Encephalartos woodii makes a good container plant when small, but will have to be planted out when it becomes too large. All our cycads make ideal outdoor container plants, but remember to position them where the sharp leaf spines will not do damage to passing human traffic. Use a well-drained soil mix e.g. 6 parts coarse sand : 8 parts milled bark : 6 parts friable loam, add dolomitic lime, iron sulphate and a slow release inorganic fertiliser. Encephalartos woodii, being fast-growing, will quickly fill the container up with its roots, and if not repotted, may burst the pot with its expanding roots. Cycads in containers require watering every other day during summer, particularly during hot and windy weather, and must never be allowed to dry out completely. It is important that the growing medium be kept moist, but the excess water must be allowed to drain away to prevent rotting.

Propagation is by offsets and suckers. Encephalartos woodii does not go completely dormant, but growth does slow down during winter. Suckers are best removed in early spring, with a clean sharp spade or a knife. They should be larger than 100 mm in diameter, the larger the sucker the better its chance of survival away from its parent. Treat all cut surfaces, on the parent and the sucker, with flowers of sulphur to prevent fungal infection. Store the sucker in a cool dry place for about three weeks to allow the wound to seal. Before planting, dust the wound with a rooting hormone to stimulate the development of roots. Keep moist and in light shade until it produces new leaves, whereafter a weekly feed with a balanced liquid fertiliser during summer is recommended.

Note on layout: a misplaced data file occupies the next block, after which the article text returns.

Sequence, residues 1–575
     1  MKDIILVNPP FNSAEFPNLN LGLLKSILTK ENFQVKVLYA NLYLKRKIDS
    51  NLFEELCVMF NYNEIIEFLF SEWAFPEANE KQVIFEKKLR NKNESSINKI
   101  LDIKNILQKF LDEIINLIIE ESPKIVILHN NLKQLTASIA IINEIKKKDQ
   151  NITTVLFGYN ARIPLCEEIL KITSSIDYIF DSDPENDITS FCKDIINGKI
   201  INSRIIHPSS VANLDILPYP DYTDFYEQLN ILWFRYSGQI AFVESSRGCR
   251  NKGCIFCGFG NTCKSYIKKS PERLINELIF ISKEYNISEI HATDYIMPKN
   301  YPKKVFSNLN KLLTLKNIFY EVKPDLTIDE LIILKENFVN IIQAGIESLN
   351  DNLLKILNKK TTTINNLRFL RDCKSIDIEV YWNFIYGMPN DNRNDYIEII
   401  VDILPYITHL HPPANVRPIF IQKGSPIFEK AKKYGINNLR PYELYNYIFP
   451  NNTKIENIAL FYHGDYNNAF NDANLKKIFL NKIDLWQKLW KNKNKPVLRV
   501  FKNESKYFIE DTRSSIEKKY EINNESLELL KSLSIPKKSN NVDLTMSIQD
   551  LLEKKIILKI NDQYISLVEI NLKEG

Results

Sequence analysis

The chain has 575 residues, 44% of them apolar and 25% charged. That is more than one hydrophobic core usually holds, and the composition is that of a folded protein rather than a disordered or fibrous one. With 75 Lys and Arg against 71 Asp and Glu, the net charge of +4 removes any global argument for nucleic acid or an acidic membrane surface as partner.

There being no female plant, seed is out of the question, but there are a few projects underway to remedy the situation. There is still the hope that a female plant is in the Ngoye forest somewhere and expeditions in that area always keep a look out for one. The most promising project is the crossing of Encephalartos woodii with its closest relative Encephalartos natalensis, and crossing the offspring with Encephalartos woodii again with the result that each successive generation is more and more Encephalartos woodii. There is also the remote possibility that a spontaneous sex change will occur in one of the male plants. Sex reversal has been observed in a few cases involving other species and once the process is more fully understood, it could be induced in an Encephalartos woodii plant.

Legislation affecting Encephalartos woodii

Encephalartos woodii is protected by both national and international legislation: